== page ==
A: Competitions are what you make them. Like you say, you can’t go into a competition expecting to win, so you have to be clear about what you can get out of just participating. You could use a competition as a way to try a different type of text; or to test out a new translation procedure. If it’s a competition where you get feedback on the translation, that’s a great learning opportunity.

Podcast: interview with CJ Evans on the Center for the Art of Translation Reply

Here’s a new ProZ.com podcast (see announcement).

For some time now, I have been flagging interesting news about features and events  organized by the Center for the Art of Translation. I contacted CJ Evans, TWO LINES managing director, to learn more about the Center and the three programs it offers.

You can listen to the interview here.

Interview highlights.

CJ Evans explains that the Center’s mission is to promote cultural understanding and dialogue through international literature and translation, with programs in publishing, teaching, and public events in the San Francisco area where it is located. He currently manages the online publication TWO LINES, which has been going on for 18 years.

The center currently has three programs underway:

TWO LINES. It is an annual anthology of international writing in translation. TWO LINES offers writing from over fifty countries, giving readers access to renowned and emerging writers from around the world. Each publication is guest-edited by translator and writers. The publication features the translation on facing pages with the original and  a short introduction (around 500 words) by the translator introducing the piece and the writer and talking about the process of translating that piece. This is a translation-focused journal.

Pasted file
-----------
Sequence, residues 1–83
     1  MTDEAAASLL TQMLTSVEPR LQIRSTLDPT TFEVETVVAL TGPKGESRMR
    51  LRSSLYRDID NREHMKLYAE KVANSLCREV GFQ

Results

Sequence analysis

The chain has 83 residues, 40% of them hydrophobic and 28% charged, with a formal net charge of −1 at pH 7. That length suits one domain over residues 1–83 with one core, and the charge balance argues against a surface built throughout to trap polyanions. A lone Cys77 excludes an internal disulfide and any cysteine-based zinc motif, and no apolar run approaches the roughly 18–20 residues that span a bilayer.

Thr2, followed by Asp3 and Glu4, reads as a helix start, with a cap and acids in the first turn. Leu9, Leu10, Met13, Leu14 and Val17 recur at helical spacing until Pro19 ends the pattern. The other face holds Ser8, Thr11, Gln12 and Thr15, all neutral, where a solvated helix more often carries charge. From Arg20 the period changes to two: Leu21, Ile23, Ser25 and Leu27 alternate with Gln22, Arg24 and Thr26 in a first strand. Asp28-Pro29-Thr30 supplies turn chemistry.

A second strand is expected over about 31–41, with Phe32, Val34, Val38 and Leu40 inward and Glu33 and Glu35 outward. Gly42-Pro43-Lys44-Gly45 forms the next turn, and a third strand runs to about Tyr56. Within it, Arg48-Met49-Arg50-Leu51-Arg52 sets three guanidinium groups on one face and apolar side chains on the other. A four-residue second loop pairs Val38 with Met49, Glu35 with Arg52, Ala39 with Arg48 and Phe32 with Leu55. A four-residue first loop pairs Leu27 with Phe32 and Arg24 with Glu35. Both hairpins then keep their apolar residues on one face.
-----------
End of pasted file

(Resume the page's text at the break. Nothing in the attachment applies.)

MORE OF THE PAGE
Two Voices. It is the event series in San Francisco. The program is a reading series that features international authors and translators, presenting thought-provoking literature from around the world. These events feature renowned translators such as: Pulitzer-Winning Poet and Translator Richard Howard, Mexican writers  Carmen Boullosa and Pura Lopez Colome and top American translators of Scandinavian crime novels, Steven T. Murray (aka Reg Keeland) and Tiina Nunnally. See the full list of events here.

Poetry Inside Out. It is the Center’s literary arts program that fosters imagination and builds student’s problem solving, critical thinking, and literacy skills through the translation and composition of poetry. Although this is taking place only in San Francisco, the Center is working on the syllabus to bring the program to a national level.

Who can participate in the Center’s activities? How?

There are two ways:

  • in person: in San Francisco, translators and the public in general can attend these events which are generally free.
  • online: there are also audio recordings for all the events. Those interested in hearing other colleagues talk about the craft of translating can check the list of audio recordings here.

CJ highly recommends the one  with Lydia Davis discussing her acclaimed new translation of Madame Bovary.

Translators willing to participate can submit articles to the journal (currently the Center is working on the next anthology. The center also has volunteer positions for younger translators to work in the Center’s office.

You can get in touch with the Center through its website, Facebook and via Twitter.

I hope you liked this interview.

If you have any suggestions for possible themes for upcoming podcasts you can send them to romina at proz.com or via Twitter @ProZcom.

To listen to previous podcasts, check the podcasts tab in this blog.

Thanks for listening!

Romina